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Getting down to business – 2014 IMC Conference Bangkok

May 13, 2014
The IMC Conference is now in its third year and has gained a reputation for being something out of the ordinary, not least for its exotic location in the Oriental city of Bangkok. The Mover’s Deputy Editor David Jordan took the 6,000 mile flight from London to check it out.

The traffic was heavy, even by Bangkok standards as we drove from the airport into the city. The well publicised political demonstrations by the opposing factions of Red Shirts and Yellow Shirts that had brought Bangkok to a standstill during the previous two weeks were still causing delays at major road junctions and we were in the middle of one. My driver, Supot, stroked his white goatee beard and muttered words of frustration in Thai as small motorcycle taxis, some carrying girls riding side-saddle, weaved their way through the honking brightly coloured mayhem. Supot pressed a button on the Camry’s dash raising a blind on the rear window to shield me from the intense heat and with the earworm of Murray Head’s iconic song beating in my ears we made our way slowly to the Plaza Athenee Hotel, our venue for the IMC Conference, 26–29 of March.


As I entered the Plaza Athenee’s magnificent lobby with its thickly carpeted marble floors and sweeping staircases, I was welcomed by the door attendant with a wai - the traditional Thai greeting combining a bow with hands held as in a prayer - and shown to the IMC registration desk.


Having been issued with my conference dog tags by IMC’s charming Mindy Lou I made my way onto the terrace for the welcome party. This year around 100 delegates from around the globe attended the conference, a fraction down on last year, but with several major conferences taking place at the same time, not to mention the Yellow & Reds, it was a respectable turnout. To get things started we all had our pictures taken wearing funny hats and comedic glasses, a great way of breaking the ice and helping everyone relax. Then followed a chance to get to know each other, renew old acquaintances, enjoy some exquisite Thai food and of course, a glass or two of wine.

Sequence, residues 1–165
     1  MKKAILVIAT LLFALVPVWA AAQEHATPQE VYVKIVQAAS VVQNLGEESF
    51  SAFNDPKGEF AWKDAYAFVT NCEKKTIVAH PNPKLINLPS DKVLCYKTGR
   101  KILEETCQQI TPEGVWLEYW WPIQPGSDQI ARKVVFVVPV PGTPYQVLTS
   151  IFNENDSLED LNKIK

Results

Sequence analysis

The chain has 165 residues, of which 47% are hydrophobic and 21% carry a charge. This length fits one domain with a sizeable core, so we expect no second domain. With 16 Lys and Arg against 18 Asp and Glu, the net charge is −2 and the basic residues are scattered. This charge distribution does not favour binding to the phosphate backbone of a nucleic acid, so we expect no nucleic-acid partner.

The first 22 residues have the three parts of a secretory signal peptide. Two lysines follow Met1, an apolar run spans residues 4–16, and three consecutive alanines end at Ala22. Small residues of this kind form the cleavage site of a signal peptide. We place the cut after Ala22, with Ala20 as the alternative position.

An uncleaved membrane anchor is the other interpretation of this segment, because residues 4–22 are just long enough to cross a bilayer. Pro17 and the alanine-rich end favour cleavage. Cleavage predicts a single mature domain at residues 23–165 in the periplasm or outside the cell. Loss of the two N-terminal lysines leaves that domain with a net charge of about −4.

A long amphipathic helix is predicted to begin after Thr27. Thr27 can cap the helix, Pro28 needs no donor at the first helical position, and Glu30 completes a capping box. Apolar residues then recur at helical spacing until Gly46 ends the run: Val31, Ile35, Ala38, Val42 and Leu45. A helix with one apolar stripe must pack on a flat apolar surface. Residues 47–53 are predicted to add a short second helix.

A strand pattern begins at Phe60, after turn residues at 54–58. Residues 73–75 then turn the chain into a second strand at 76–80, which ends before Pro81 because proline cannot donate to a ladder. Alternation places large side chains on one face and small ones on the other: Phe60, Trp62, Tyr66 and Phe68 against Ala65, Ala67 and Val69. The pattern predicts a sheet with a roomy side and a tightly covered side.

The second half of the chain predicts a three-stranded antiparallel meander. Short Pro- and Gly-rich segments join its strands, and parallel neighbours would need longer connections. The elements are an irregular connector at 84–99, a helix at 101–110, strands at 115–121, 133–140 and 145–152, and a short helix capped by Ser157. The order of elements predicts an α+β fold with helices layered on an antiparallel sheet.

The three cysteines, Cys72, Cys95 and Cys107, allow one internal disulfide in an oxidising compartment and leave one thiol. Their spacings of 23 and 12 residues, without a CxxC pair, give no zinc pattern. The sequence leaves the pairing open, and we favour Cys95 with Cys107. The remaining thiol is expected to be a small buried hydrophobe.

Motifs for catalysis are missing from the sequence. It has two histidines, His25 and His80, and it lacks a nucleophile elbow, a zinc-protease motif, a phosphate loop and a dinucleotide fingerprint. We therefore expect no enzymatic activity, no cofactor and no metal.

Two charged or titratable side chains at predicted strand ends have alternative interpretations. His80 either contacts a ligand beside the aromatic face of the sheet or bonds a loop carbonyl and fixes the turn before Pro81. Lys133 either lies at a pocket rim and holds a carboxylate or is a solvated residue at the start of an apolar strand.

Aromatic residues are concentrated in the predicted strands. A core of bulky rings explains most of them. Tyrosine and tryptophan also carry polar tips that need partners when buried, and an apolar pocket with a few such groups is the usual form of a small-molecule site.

Bright and early the following morning it was down to business.  IMC’s new President Adrian Young took to the stage to welcome everyone and explain how the unusual format of the conference worked. The IMC conference is certainly different.  No keynote speakers or industry worthies making long speeches at the lectern, no prize winners and no sales pitches dressed up as presentations.  I suppose the format it something like speed dating, although I’ve never had the pleasure.  Before the conference everyone received a list of delegates and was able to book up to 30 half-hour one-to-one meetings online.  The meeting room was laid out with about 50 numbered tables and when Mindy Lou rang a bell – or, this being Thailand played a tune on a mini xylophone - everyone moved to their next meeting.  It works really well and everyone gets a fair hearing regardless of whether they’re an industry mogul, of which there were several, or newcomers just getting started.